No water, no life

  • We are affected by the health of our oceans, seas and rivers even if we live in a landlocked country
- Samriddhi Rai

Aug 1, 2017-

With the inclusion of Goal 14 in the Sustainable Development Goals, the global community has taken an important step towards acknowledging the importance of oceans, seas and rivers, and the role they play in creating the “Future we want”.

Oceans cover roughly 70 percent of the earth’s surface and contain an estimated 50 to 80 percent of life on our planet. Whether we live on the coast, or on a landlocked mountain-top, the world’s water bodies impact our life. Water plays a vital role in regulating the earth’s temperature and climate patterns, acting like a giant solar panel that soaks up heat from the sun and distributes it across the earth. As much as 40 percent of the world’s oceans are heavily affected by human activities that are causing pollution, depleting fisheries, and resulting in a loss of coastal habitats.

Growing up, Nepali youths have been taught to understand that our nation is a small land-locked mountainous country. We have hardly given much thought on how important life below water is, or how that ecosystem and its operation concerns us. It is of extreme importance that our educators remind young Nepali minds of how blessed we are with our abundant water resources, and how we are responsible for its upkeep.

Stewards for resources

We need to understand and ensure that ecosystems essential for life on earth must continue to flourish and remain resilient. We need to understand that we are all affected by the health of our oceans, seas and rivers even if we live in a landlocked country. The overall environmental health of our planet is critical to everyone. A small change in temperature, weather or water levels impacts the essential ecosystems greatly. Making small positive changes in our daily lives, like taking public transport and unplugging electronics saves energy. These actions help reduce our carbon footprint.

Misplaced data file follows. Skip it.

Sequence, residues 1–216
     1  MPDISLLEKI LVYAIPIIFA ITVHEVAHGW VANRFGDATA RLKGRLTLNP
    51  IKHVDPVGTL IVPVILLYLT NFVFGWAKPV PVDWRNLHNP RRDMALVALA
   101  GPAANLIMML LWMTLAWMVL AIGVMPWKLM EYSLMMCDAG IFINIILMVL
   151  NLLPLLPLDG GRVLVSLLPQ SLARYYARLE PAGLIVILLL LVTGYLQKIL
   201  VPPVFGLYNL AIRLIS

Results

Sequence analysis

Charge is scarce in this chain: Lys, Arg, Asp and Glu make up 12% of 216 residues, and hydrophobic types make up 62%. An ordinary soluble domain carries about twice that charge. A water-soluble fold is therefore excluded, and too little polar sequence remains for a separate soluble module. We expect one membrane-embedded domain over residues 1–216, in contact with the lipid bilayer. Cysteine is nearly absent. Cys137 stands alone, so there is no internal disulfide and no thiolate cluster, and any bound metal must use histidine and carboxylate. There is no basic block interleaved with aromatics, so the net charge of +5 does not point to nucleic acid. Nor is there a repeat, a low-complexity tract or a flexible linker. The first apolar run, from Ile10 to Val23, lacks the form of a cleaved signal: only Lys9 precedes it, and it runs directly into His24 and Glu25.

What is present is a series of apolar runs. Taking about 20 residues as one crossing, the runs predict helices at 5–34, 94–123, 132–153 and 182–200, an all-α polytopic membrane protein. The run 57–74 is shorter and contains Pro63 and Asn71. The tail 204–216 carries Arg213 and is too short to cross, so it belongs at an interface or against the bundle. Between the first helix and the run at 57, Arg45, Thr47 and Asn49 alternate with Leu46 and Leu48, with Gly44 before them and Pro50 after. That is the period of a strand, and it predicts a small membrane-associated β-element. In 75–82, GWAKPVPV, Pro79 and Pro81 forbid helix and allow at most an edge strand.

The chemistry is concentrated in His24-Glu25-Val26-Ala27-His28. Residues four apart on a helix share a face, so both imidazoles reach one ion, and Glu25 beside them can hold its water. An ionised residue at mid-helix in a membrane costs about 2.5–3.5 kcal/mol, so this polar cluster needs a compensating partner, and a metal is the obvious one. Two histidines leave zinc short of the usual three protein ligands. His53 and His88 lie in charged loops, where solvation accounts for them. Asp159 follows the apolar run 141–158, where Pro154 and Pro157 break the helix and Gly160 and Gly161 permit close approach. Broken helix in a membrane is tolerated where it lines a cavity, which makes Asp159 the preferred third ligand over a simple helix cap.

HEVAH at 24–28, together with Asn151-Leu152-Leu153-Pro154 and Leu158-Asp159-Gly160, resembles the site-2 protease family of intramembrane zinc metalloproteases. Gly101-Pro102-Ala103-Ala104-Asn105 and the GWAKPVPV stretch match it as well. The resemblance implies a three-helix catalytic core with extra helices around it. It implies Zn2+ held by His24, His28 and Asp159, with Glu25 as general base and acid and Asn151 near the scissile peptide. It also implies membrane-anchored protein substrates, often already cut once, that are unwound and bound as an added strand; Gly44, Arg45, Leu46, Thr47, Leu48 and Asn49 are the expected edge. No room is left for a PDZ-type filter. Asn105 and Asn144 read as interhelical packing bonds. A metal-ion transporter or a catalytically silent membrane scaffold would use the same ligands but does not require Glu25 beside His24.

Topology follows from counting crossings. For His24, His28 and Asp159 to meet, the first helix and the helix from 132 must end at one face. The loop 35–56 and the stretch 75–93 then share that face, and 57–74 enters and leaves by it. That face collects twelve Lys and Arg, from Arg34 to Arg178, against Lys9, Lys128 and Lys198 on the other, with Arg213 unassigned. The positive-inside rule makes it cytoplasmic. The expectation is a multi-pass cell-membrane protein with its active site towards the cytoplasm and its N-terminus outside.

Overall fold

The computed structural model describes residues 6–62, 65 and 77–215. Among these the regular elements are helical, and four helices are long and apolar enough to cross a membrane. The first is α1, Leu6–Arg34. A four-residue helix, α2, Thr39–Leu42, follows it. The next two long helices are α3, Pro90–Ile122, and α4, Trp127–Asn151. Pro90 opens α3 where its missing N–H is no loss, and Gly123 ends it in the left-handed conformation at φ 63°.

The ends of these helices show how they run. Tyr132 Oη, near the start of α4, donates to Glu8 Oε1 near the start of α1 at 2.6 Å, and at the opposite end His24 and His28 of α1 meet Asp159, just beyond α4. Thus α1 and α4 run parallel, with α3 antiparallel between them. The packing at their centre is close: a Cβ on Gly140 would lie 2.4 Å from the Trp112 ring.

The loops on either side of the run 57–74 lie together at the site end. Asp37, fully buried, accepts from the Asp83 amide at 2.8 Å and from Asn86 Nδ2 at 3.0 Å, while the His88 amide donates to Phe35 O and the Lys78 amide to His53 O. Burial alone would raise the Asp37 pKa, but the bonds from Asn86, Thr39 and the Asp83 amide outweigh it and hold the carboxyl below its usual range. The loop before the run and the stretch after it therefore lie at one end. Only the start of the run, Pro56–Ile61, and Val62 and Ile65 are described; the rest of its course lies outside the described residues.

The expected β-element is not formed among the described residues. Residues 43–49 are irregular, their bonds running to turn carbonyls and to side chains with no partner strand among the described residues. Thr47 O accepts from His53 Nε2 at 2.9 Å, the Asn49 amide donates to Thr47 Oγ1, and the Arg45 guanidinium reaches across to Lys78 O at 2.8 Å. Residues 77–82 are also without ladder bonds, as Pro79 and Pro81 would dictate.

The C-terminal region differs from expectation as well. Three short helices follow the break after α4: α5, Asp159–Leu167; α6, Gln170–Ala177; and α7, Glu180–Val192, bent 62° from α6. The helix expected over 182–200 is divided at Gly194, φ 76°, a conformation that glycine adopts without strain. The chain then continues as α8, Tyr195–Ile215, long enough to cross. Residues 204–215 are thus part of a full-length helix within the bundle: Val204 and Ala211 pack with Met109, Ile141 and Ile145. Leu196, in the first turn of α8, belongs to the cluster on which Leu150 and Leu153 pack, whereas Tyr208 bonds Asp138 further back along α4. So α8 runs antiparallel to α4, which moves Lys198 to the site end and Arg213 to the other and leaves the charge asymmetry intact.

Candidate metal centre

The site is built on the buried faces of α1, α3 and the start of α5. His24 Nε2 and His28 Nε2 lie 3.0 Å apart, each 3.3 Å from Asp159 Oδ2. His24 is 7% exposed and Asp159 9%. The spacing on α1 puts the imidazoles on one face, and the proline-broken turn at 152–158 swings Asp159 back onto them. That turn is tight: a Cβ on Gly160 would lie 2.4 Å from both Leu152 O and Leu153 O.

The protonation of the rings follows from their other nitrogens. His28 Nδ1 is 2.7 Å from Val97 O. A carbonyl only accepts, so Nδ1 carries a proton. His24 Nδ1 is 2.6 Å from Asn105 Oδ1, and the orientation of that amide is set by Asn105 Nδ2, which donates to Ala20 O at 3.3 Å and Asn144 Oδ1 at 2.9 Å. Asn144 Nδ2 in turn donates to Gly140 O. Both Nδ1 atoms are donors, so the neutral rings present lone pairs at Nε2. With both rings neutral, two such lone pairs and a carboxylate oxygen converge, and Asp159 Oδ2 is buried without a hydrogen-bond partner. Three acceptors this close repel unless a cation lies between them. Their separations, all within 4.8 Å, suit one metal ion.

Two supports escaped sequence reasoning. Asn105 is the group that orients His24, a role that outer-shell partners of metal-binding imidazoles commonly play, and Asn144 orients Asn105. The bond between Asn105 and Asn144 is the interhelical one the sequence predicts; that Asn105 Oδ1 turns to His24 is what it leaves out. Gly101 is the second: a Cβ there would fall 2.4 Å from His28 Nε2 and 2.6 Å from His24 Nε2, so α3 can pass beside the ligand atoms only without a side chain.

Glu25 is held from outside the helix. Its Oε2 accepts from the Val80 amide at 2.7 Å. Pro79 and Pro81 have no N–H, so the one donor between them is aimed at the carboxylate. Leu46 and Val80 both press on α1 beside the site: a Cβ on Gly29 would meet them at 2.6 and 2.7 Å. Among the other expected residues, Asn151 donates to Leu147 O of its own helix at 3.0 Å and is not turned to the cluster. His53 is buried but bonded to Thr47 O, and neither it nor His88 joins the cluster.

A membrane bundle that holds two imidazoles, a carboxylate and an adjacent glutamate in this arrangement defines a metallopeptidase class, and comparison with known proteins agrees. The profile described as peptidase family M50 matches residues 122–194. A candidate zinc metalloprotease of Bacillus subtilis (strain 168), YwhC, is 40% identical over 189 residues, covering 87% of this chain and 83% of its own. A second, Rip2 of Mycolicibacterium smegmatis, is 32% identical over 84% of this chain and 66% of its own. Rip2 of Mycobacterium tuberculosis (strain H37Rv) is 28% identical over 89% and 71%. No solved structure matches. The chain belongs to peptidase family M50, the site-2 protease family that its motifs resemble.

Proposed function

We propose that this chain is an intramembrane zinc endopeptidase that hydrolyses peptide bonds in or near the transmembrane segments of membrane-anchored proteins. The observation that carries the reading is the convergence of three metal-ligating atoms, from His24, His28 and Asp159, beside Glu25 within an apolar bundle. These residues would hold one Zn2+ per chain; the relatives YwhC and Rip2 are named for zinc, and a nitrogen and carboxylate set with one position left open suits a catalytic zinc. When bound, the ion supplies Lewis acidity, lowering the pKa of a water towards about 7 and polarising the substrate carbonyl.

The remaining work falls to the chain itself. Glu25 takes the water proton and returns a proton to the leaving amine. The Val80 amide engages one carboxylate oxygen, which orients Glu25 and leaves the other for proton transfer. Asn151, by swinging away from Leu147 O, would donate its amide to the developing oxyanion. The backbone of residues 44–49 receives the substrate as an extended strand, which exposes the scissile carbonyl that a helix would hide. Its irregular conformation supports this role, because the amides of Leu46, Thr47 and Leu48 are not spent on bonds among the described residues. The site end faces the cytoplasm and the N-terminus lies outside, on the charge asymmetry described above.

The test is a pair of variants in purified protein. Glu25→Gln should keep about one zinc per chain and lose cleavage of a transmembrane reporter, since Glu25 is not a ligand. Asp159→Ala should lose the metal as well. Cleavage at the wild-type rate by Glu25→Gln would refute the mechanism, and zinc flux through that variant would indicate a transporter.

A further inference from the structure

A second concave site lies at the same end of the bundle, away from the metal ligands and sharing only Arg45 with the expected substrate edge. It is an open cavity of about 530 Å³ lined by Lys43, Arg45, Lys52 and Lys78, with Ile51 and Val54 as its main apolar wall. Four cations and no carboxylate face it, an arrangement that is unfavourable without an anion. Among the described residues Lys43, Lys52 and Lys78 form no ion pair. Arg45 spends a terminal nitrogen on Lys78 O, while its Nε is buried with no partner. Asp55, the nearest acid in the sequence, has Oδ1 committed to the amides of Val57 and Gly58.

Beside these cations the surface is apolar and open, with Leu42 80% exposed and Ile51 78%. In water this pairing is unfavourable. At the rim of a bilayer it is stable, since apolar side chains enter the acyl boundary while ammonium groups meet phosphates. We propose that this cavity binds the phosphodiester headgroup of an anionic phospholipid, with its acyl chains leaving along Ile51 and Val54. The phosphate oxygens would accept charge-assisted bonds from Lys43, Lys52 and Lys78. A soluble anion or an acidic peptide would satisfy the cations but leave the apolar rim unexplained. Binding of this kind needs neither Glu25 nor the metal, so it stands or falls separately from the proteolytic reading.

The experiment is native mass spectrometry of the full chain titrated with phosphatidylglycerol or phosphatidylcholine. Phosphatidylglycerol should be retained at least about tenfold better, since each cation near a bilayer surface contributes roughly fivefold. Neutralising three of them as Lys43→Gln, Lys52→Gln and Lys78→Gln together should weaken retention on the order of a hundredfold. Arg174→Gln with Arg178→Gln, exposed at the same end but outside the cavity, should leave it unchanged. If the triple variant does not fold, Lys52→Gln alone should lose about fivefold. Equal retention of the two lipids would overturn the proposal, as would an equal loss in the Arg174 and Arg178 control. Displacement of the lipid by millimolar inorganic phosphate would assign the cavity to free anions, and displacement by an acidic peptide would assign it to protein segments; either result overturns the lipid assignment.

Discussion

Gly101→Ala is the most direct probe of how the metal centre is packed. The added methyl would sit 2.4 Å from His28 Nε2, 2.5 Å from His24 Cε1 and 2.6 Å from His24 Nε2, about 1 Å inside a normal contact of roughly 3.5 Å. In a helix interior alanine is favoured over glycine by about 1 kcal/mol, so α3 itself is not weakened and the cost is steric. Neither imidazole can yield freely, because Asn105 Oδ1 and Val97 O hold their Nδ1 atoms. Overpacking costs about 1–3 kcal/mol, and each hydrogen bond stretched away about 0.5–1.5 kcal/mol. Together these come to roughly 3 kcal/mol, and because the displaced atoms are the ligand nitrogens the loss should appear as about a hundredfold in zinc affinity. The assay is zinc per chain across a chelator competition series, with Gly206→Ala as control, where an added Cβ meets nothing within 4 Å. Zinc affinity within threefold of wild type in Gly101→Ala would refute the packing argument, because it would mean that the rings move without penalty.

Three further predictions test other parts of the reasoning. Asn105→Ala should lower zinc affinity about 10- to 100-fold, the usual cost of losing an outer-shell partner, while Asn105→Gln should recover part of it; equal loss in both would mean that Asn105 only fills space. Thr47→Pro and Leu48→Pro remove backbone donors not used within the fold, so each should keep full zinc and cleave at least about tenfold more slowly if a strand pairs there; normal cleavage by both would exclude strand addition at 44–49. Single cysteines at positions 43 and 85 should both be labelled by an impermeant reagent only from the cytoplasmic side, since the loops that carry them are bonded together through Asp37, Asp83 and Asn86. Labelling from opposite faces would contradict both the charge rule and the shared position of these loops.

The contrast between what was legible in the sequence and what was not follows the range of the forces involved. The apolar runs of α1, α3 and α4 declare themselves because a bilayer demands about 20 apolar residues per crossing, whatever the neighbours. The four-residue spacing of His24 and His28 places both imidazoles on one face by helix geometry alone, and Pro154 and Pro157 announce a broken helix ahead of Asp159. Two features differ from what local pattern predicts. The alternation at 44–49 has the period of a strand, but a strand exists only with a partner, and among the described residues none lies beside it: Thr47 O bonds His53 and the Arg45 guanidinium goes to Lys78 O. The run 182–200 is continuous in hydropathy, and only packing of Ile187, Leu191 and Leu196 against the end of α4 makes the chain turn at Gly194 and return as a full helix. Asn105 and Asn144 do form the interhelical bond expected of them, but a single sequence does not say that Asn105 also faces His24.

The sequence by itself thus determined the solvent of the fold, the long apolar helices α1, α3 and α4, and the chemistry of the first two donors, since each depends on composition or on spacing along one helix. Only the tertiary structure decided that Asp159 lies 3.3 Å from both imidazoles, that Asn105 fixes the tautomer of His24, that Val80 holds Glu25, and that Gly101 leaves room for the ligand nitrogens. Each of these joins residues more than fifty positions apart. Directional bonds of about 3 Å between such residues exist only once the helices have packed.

‘Life below water’ is not only about oceans. Nepal has many rivers and lakes; we are dependent on clean and healthy water for sustenance as well as for our livelihood. We should ensure that communities dependent on fisheries can thrive. We should commit to improved nutrition and increased availability of fish and fishery products.

All the SDGs are interlinked. Achievement of one can help in the achievement of another. If we take care of our oceans, seas and rivers and ensure sustainable fisheries, it will help us achieve SDG 2, which focuses on zero hunger, and SDG 8, which focuses on decent work. Equally, achieving SDG 7, which focuses on clean energy, can be a factor that helps us achieve SDG 14. Everything is linked and everything is important.

All 17 SDGs can be overwhelming for any person to comprehend at one go. Therefore, breaking them down and creating awareness for each of the goals through various campaigns is the right way to educate the people. 

Critical ecosystems

The next time you take a deep breath of fresh air, thank the vast water bodies of our earth. Tiny phytoplankton produce about half the oxygen on earth and form the foundation of the ocean’s ecosystem. These small creatures are critical to the survival of larger species, including the fisheries resources that directly support the livelihood of about 10 percent of the human population.

All of us are shareholders of the earth. As such, we must acknowledge our roles and act responsibly towards the planet and its bloodstream, the oceans. 

Covering nearly three quarters of the earth, the vast water bodies are the most prominent feature on the planet and are essential for planetary survival. Just as a person cannot live without a healthy heart and lungs, the earth cannot survive without healthy oceans, seas and rivers. They serve as the earth’s respiratory system, producing oxygen for life and absorbing carbon dioxide and waste. The water bodies regulate the climate and temperature, making the planet hospitable to diverse forms of life. I reiterate that regardless of whether a country is landlocked or has a coastline, all nations are directly connected to the oceans and seas through rivers, lakes and streams. 

Through activities such as sustainable fishing, renewable energy production and ecotourism, nations have been able to increase the rate of employment as well as provide good sanitation while decreasing poverty, malnutrition and pollution. Water-based economies provide more opportunities for the empowerment and employment of women, who make up the majority of the workforce in fisheries. The results of increased female employment include the strengthening of the economic vitality of small and isolated communities and the enhancement of the status of women in developing countries.

Robust awareness campaigns nationwide and infrastructure developments should help Nepal and Nepalis inch closer towards achieving the SDGs.    

Rai is a singer, songwriter and blogger; this article is part of the weekly series on SDGs

Published: 01-08-2017 08:32

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